Equal parts fascinating and maddening book which readily admits it is weaving a whole cloth out of not much thread. It asks an interesting question: Brutus is given a certain amount of respect, relative to his co-conspirators in the assassination of Julius Caesar, but why?

He is typically depicted as being rather more high minded than the ‘lean and hungry’ looking Cassius.

What does Ms. Tempest conclude? That he had a bit of a reputation as being a high minded person while alive and that he also actively sought to promote that image, even if it wasn’t always warranted (because there is, apparently, evidence that he was also greedy, rapacious, and rather petulant).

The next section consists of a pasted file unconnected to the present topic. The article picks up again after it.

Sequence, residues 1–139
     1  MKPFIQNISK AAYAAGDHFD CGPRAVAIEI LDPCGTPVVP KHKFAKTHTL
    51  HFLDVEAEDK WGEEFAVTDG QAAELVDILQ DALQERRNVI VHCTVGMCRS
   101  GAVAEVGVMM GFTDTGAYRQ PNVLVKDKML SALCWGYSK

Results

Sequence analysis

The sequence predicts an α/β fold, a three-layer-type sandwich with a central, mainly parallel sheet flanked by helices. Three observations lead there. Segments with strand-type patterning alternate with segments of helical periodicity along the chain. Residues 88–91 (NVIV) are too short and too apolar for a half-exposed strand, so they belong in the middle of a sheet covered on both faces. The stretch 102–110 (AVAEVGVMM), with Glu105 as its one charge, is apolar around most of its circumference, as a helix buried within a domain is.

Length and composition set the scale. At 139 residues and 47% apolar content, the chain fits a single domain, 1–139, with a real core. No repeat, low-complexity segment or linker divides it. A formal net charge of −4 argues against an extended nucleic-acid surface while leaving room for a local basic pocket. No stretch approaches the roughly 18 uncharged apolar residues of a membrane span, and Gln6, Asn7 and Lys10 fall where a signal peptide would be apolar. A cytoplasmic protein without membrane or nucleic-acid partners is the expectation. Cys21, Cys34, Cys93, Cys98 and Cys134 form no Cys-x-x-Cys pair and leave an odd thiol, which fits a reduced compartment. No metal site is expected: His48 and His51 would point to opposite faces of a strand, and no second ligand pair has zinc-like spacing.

The primary sources appear limited and she relies heavily on the letter of Cicero, including his letters to Brutus (also, Plutarch’s biography of him).

It was a maddening read, the lack of certainty (which sometimes felt compensated for by a bit of padding). But also because he seemed like such a bright fellow. He was a well known orator (even if Cicero didn’t like his rhetorical style) and writer of philosophical texts, though no copies of his orations nor his treatises appear to have survived.

What I hadn’t really known was how long Brutus and the other conspirators were allowed to basically continue on after the assassination and how long it took for things to devolve into a(nother) civil war.

So having finished it, I picked up some Cicero I’d started but never completed, so that’s an accomplishment that book achieved.